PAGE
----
Though Anthony Bourdain’s shows would evolve over the years to become more about culture & politics than just food, it was through food that we all first got to know him. He could easily switch back and forth between Michelin-starred restaurants and Waffle Houses, treating each with the utmost respect and devotion. He taught us all that good food doesn’t have to be fancy or healthy. It’s the experience of that place and time that can make a meal. Never feel bad for enjoying something. Sometimes it’s the most simple meals that can make us happy. There’s a reason why they call it comfort food. Too many people sneer at food that they believe is “beneath them”. Anthony Bourdain was not one of them.

I have read a lot of tributes to Anthony Bourdain today. Each have summed up who he was in a different way. So far, this tweet has done it best & most succinctly.

Beyond his legacy when it comes to food and travel, Anthony Bourdain was a fighter for social progress. He often spoke out about the rights of restaurant workers, whether it was about compensation or immigration issues. He also spoke out against misogyny, abuse, & toxic masculinity. Bourdain recognized the negative impact that politics & hatred have had around the world, particularly when it comes to American imperialism & foreign policy. He tried to bridge those gaps through his shows, bring the cultures of the world to our living rooms while letting locals tell the story.

There’s a famous quote from Mark Twain that also embodies everything that Anthony Bourdain was about. “Travel is fatal to prejudice, bigotry, and narrow-mindedness, and many of our people need it sorely on these accounts. Broad, wholesome, charitable views of men and things cannot be acquired by vegetating in one little corner of the earth all one’s lifetime.”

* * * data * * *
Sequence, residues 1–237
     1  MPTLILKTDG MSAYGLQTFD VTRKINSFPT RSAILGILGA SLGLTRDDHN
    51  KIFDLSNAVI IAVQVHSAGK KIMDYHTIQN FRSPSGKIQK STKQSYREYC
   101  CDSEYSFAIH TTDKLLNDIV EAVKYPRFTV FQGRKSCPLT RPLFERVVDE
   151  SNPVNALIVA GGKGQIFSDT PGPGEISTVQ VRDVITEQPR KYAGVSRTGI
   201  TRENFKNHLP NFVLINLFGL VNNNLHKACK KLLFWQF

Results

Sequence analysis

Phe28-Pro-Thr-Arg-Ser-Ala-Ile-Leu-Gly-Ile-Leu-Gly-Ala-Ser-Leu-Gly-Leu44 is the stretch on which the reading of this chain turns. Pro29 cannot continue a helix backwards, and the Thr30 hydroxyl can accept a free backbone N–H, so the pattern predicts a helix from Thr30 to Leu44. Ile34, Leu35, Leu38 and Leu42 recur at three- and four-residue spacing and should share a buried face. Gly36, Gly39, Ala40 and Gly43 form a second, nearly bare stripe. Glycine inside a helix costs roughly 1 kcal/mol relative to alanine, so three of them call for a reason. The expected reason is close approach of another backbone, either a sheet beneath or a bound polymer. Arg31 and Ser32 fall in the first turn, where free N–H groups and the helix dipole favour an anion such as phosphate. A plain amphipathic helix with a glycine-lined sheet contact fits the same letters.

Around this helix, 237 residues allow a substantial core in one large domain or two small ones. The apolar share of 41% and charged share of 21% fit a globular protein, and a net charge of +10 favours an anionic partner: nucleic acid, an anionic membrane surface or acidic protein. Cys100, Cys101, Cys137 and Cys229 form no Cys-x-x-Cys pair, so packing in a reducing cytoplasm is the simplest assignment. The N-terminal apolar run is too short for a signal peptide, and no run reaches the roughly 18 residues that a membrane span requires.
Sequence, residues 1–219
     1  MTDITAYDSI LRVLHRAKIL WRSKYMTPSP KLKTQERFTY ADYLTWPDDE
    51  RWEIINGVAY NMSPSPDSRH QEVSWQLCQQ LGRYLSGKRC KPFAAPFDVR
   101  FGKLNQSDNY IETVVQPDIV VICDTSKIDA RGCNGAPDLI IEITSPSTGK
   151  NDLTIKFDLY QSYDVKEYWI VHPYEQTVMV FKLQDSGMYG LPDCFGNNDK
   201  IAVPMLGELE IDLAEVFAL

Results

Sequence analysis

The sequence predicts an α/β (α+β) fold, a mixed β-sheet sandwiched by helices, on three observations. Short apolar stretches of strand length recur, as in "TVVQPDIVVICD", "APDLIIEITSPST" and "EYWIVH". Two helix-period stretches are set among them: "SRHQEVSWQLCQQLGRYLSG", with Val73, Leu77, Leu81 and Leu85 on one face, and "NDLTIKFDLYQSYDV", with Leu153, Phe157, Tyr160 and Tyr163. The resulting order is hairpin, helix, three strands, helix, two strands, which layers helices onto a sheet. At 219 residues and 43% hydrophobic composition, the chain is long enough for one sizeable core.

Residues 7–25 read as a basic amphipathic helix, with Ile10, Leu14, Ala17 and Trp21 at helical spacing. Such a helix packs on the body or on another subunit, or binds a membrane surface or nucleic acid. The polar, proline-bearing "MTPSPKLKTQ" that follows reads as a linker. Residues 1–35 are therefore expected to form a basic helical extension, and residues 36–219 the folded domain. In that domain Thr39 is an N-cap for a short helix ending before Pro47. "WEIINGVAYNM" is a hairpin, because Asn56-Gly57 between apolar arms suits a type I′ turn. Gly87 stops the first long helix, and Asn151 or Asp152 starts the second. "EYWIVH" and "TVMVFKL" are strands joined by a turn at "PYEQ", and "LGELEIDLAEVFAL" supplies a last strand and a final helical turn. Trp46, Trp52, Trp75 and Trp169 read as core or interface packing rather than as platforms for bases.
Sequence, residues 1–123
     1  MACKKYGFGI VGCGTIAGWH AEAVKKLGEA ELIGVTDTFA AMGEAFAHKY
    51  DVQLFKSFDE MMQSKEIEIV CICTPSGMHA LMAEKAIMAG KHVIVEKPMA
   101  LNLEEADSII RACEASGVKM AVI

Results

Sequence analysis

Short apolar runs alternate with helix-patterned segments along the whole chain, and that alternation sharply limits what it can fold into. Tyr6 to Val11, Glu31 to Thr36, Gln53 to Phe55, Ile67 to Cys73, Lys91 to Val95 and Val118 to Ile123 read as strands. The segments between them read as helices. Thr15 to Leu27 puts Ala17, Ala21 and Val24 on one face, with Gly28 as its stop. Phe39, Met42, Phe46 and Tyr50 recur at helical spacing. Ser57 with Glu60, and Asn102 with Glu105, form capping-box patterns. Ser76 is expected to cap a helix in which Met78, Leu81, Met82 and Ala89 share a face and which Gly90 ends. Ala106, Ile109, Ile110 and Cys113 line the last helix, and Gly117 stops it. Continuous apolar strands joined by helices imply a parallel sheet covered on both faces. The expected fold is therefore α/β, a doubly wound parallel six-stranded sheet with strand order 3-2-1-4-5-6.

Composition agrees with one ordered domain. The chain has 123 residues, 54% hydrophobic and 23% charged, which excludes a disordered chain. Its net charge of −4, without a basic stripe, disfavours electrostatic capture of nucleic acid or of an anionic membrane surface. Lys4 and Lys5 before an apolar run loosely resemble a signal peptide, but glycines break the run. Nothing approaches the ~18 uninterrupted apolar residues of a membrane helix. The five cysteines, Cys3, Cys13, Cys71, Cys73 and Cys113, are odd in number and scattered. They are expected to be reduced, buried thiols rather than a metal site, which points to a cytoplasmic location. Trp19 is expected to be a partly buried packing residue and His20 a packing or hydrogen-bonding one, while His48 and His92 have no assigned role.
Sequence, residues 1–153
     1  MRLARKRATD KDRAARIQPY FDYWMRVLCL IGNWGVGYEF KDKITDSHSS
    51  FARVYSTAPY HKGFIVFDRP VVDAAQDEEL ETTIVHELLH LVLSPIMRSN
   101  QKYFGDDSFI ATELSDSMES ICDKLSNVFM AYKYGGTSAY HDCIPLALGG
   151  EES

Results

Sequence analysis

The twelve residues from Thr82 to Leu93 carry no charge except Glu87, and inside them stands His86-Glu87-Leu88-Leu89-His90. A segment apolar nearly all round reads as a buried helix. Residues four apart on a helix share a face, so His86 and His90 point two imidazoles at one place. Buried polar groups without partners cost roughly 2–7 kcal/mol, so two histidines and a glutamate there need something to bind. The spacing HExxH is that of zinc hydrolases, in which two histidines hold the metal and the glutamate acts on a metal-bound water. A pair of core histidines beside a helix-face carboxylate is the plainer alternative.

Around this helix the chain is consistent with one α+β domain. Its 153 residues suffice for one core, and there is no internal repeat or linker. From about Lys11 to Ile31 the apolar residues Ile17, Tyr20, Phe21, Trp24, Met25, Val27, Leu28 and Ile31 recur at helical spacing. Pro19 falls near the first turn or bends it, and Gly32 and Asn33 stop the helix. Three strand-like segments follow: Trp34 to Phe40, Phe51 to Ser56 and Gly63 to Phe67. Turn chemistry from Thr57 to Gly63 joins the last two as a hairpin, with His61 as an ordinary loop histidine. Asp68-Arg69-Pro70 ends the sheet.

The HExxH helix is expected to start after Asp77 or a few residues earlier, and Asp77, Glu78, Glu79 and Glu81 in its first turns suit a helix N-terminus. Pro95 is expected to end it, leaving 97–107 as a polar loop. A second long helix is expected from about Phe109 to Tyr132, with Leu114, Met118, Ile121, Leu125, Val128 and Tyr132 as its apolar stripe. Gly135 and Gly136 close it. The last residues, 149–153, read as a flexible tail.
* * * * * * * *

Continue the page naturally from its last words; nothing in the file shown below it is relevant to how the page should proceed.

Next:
It’s not possible for everyone to travel, whether it is due to financial reasons, physical reasons, or scheduling reasons. Through his shows, Anthony Bourdain used his privilege to bring viewers around the world, if only for an hour.

The biggest lesson that we should all remember from Anthony Bourdain is the importance of always being curious about the world around us. Try new things, try new foods, and get to know other people, whether they are your next-door neighbor or halfway around the world. Listen to people. And as you do so, don’t go in with any judgement. Don’t go in with fear. Go with respect for everyone. Travel deeper. Open your mind and your heart will follow.

While it’s impossible to not be sad that we have lost Anthony Bourdain, let’s thank him for showing us how to be better travelers and world citizens. Let’s honor him by experiencing a new cuisine or taking that trip that you’ve always wanted to take, but haven’t had the courage to pull the trigger on. Let’s talk to each other and learn from each others experiences. Let’s love each other.

Thank you, Uncle Tony. You have left us with a better world to explore.

 

If you are feeling suicidal and/or just need emotional support & want to talk someone, please reach out to someone. On the flip side, if you think family or friends may be at risk, please reach out to them to show your support. In the U.K., dial the Samaritans at 116 123. In the United States, the National Suicide Prevention Hotline can be reached at 1-800-273-TALK [8255].  For other countries, please check out this useful Wikipedia page.